A San Francisco prisoner wanted to read werewolf erotica so badly that he took it to state court. The case has brought up problems with prison censorship and calls to mind Avi Steinberg’s memoir, Running the Books: Adventures of an Accidental Prison Librarian (here’s our review.)
Those of you out there who grew up in the 90s will remember that every disaster movie brought a slew of novelizations into bookstores. Even if the movie in question did badly, you knew that at least two adaptations of the script would pop up on shelves. At Hazlitt, Will Sloan wonders if the age of the novelization is over.
“Marlon James’s management of the voice and the paragraph isn’t what you’d call unpretty, and he’s good at having it both ways on a larger scale too. Reptilian black-ops masterminds out of a Robert Stone novel as well as bumbling CIA bureaucrats, baroque deaths in the bush and casual killings by the side of the road, historical and magic realism, sex and violence and a more ‘sophisticated kind of art’: the guy’s got it all.” This review of James’ A Brief History of Seven Killings from The London Review of Books is well worth the read.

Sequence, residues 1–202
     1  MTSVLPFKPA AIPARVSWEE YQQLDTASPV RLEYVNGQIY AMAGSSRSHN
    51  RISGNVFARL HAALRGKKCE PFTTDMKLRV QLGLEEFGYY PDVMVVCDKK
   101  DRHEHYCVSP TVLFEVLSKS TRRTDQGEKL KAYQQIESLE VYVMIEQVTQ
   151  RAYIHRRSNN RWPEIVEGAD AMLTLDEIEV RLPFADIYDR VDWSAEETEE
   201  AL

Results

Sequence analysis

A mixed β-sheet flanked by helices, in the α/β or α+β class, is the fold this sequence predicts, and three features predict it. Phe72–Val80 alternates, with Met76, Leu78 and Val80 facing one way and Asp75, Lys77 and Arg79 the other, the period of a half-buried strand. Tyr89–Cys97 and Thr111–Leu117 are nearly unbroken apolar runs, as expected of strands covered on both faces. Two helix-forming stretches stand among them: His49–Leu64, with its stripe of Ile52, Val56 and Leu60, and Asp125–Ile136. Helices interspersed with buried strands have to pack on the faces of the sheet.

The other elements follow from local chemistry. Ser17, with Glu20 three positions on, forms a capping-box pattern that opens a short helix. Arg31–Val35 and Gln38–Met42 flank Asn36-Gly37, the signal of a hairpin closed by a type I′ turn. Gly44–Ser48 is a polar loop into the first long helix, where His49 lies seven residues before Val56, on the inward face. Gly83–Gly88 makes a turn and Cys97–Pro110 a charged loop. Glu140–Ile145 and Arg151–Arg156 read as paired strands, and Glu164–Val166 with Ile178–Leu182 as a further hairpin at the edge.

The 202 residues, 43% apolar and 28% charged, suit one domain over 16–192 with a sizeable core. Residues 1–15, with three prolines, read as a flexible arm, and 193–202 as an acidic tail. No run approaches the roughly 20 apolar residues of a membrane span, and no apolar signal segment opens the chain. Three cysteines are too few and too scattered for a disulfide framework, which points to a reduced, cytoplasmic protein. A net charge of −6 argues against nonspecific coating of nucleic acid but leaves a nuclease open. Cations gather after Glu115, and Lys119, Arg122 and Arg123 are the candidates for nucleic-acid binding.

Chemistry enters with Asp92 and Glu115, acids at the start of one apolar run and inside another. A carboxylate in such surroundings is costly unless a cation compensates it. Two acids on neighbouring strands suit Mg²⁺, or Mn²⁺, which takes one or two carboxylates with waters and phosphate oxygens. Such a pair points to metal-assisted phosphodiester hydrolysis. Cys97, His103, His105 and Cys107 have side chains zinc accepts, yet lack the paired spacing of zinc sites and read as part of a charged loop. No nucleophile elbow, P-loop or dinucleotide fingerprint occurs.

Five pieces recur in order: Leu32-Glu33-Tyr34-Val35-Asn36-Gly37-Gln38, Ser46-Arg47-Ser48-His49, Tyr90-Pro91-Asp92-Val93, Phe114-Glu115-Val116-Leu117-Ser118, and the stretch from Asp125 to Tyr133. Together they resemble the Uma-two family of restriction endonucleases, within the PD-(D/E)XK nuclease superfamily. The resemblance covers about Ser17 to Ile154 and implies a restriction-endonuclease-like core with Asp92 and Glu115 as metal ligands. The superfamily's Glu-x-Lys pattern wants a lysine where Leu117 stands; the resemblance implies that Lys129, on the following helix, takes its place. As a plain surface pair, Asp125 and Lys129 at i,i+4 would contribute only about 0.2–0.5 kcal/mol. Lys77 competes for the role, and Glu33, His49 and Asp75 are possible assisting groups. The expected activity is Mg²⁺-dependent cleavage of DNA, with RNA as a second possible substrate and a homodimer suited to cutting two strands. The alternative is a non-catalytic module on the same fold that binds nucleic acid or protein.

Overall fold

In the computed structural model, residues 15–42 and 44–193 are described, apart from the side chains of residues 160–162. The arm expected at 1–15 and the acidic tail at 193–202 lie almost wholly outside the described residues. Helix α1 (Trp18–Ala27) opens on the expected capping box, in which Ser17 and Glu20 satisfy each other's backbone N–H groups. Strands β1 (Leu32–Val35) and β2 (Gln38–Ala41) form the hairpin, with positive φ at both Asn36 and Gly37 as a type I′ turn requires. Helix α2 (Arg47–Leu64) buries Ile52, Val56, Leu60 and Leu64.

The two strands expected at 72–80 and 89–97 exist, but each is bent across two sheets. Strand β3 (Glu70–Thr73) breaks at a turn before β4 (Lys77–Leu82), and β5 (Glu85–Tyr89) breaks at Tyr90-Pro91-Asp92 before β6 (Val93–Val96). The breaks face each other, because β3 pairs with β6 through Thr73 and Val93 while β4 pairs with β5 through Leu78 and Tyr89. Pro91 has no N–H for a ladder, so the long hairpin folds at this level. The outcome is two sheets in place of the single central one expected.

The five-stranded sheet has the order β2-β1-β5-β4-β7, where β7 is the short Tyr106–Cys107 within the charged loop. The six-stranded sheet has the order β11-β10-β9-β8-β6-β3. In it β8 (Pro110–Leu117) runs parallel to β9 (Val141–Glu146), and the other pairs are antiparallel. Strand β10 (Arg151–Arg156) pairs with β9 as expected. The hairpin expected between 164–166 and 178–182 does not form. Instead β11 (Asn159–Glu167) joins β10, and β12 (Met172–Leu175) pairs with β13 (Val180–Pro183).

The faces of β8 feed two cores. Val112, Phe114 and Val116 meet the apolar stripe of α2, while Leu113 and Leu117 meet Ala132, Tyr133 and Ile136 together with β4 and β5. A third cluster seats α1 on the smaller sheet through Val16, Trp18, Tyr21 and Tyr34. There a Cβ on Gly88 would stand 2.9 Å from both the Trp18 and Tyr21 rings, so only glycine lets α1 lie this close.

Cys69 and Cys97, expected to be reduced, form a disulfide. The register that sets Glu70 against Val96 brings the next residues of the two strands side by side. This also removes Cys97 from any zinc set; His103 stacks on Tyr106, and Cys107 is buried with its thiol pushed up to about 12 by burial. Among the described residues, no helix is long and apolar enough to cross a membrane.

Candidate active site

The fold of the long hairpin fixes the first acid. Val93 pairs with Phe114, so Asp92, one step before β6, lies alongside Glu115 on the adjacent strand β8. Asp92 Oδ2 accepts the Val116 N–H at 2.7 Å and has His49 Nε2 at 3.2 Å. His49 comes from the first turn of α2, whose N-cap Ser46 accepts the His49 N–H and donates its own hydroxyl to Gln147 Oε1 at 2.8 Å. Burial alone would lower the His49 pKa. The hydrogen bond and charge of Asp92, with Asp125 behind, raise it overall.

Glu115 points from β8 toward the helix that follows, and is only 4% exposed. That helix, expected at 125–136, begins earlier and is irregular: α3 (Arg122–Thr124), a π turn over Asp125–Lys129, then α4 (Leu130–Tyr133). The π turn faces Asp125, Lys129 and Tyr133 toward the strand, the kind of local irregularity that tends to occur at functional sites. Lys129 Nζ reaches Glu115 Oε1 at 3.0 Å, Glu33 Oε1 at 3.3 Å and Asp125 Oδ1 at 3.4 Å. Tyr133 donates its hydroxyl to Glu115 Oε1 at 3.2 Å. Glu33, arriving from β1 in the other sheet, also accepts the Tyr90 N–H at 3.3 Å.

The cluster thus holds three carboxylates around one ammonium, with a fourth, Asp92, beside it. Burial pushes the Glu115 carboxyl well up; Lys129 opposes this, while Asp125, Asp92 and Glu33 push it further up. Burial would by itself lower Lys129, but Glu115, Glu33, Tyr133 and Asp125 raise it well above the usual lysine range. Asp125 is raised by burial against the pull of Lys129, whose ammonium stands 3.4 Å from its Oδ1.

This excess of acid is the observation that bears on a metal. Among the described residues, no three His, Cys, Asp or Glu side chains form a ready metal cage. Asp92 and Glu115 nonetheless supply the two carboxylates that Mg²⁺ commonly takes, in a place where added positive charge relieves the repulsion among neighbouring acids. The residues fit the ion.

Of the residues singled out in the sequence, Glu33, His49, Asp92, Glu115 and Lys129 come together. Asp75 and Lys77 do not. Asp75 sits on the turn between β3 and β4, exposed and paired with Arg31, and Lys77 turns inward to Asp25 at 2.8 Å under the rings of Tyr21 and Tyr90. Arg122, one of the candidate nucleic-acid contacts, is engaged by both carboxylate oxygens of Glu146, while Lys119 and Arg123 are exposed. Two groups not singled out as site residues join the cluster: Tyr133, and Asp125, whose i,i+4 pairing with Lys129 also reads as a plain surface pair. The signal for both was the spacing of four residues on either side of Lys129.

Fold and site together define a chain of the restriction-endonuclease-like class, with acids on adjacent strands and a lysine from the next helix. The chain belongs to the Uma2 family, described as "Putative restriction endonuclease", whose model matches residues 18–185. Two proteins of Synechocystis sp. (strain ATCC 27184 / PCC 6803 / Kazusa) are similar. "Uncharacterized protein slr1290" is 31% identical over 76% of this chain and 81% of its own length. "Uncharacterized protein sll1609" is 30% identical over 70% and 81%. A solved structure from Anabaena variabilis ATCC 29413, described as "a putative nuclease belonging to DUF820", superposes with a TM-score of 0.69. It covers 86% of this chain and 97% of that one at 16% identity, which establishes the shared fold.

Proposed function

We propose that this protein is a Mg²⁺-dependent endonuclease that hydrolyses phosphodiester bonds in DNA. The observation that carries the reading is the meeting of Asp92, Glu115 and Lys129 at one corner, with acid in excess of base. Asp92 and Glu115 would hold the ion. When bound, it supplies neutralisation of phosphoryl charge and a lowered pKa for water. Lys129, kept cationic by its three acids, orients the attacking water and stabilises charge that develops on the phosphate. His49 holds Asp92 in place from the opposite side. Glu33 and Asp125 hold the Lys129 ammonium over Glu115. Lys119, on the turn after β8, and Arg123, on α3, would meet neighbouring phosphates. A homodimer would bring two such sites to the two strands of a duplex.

In The New York Times, Dwight Garner reviews John Carey’s biography William Golding: The Man Who Wrote “Lord of the Flies”: “It may not be a surprise to learn that the British novelist … did not have a happy childhood. But the details will put a sweat on your forehead.”
Out this week: The Boat Rocker by Ha Jin; Martutene by Ramón Saizarbitoria; Black Elk by Joe Jackson; Float by Anne Carson; A Lowcountry Heart by Pat Conroy; and The Terranauts by T.C. Boyle. For more on these and other new titles, go read our Great Second-Half 2016 Book Preview.